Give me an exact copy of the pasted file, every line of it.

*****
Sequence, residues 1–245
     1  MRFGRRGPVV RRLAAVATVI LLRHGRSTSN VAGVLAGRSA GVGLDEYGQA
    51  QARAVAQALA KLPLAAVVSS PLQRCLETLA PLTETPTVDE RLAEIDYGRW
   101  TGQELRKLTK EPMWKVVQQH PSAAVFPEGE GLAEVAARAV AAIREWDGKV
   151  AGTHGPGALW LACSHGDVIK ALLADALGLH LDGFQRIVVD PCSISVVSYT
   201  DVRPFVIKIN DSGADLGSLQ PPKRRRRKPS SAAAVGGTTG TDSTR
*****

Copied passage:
Sequence, residues 1–245
     1  MRFGRRGPVV RRLAAVATVI LLRHGRSTSN VAGVLAGRSA GVGLDEYGQA
    51  QARAVAQALA KLPLAAVVSS PLQRCLETLA PLTETPTVDE RLAEIDYGRW
   101  TGQELRKLTK EPMWKVVQQH PSAAVFPEGE GLAEVAARAV AAIREWDGKV
   151  AGTHGPGALW LACSHGDVIK ALLADALGLH LDGFQRIVVD PCSISVVSYT
   201  DVRPFVIKIN DSGADLGSLQ PPKRRRRKPS SAAAVGGTTG TDSTR